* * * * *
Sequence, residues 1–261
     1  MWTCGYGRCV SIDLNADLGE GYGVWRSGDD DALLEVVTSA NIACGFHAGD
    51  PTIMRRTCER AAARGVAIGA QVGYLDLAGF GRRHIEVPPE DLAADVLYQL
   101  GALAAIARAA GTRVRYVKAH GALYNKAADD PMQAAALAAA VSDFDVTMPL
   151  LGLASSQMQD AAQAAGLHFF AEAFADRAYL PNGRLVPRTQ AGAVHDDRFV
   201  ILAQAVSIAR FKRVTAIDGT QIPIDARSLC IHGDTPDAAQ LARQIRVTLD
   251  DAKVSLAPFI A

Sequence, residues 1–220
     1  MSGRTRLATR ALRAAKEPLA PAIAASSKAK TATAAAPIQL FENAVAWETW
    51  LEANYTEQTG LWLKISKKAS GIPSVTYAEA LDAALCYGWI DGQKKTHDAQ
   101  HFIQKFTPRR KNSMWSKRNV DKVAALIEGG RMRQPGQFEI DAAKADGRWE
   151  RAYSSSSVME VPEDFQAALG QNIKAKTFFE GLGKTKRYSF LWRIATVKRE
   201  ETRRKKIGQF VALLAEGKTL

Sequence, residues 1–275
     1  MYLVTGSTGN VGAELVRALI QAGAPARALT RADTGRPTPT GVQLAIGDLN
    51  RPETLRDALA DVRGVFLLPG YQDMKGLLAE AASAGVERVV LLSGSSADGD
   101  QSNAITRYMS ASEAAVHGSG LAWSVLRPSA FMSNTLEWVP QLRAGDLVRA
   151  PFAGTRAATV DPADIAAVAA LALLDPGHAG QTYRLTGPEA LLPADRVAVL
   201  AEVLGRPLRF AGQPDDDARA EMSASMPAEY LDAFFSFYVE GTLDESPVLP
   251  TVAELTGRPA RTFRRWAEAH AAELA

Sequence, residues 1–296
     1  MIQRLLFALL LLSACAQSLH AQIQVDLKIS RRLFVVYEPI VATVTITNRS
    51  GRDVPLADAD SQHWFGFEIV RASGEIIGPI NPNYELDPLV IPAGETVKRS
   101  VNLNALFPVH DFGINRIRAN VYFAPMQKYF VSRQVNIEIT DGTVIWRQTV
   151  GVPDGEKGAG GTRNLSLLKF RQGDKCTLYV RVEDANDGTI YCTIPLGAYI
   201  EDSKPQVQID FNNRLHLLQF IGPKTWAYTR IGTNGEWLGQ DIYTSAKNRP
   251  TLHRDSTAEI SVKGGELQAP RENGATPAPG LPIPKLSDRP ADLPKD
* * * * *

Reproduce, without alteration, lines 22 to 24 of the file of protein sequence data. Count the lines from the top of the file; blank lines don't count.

     1  MIQRLLFALL LLSACAQSLH AQIQVDLKIS RRLFVVYEPI VATVTITNRS
    51  GRDVPLADAD SQHWFGFEIV RASGEIIGPI NPNYELDPLV IPAGETVKRS
   101  VNLNALFPVH DFGINRIRAN VYFAPMQKYF VSRQVNIEIT DGTVIWRQTV